The first step in preparing for any emergency is to understand potential risks that may affect your business.  By creating the necessary infrastructure within your company, employees are then capable of responding to any crisis, whether it be an earthquake, flood, hurricane or security risk.  The most important tool for any company is to create an emergency response plan. This document outlines the key people who can make decisions, emergency numbers to call, the response team to provide first aid assistance, and any key items that will be needed to aid in managing the emergency.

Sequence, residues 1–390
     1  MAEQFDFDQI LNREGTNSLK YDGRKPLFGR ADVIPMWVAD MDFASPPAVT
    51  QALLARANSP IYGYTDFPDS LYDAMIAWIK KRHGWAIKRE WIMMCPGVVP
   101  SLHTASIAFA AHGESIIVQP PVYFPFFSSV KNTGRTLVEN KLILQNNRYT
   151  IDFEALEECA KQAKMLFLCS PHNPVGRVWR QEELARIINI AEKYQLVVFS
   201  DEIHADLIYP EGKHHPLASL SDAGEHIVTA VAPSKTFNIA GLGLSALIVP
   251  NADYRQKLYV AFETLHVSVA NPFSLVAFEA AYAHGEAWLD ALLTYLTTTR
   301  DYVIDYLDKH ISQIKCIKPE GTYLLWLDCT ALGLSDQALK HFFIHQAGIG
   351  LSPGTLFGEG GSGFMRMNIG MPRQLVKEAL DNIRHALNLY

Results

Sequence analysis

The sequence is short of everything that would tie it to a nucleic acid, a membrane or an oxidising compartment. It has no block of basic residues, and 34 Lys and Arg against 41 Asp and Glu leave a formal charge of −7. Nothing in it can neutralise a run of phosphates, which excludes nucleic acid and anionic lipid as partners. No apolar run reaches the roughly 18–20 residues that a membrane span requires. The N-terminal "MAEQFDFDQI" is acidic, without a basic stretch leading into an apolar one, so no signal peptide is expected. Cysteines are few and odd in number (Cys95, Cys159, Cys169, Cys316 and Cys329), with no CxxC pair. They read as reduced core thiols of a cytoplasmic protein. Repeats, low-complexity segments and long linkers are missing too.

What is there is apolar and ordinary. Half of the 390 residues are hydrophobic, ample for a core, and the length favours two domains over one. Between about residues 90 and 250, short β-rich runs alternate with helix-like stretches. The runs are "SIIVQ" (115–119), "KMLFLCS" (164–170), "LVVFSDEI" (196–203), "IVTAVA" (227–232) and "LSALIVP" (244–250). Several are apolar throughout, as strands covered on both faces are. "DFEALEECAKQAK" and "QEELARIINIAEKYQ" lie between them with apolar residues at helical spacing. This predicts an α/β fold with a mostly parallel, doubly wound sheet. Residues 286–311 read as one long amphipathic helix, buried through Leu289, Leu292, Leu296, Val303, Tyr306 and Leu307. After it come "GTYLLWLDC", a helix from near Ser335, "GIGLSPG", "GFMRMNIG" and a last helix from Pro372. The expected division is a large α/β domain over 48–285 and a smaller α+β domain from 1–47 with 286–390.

Businesses should consider the
use of a response team with a clear leader- this person should be called because they are capable of making
the decisions that are in the best interests of both persons and property for
the company.  Usually, the head of the
company acts as the head of this team, but the most vital factor when choosing
this individual is to ensure that the person in charge can make important
financial and business decisions in an emergency.  The team can also consist of financial, safety
and operational members of the company who can provide support and critical
knowledge.

The emergency response plan should document these key personnel, their phone numbers and any contact information required should the emergency occur outside of normal business hours.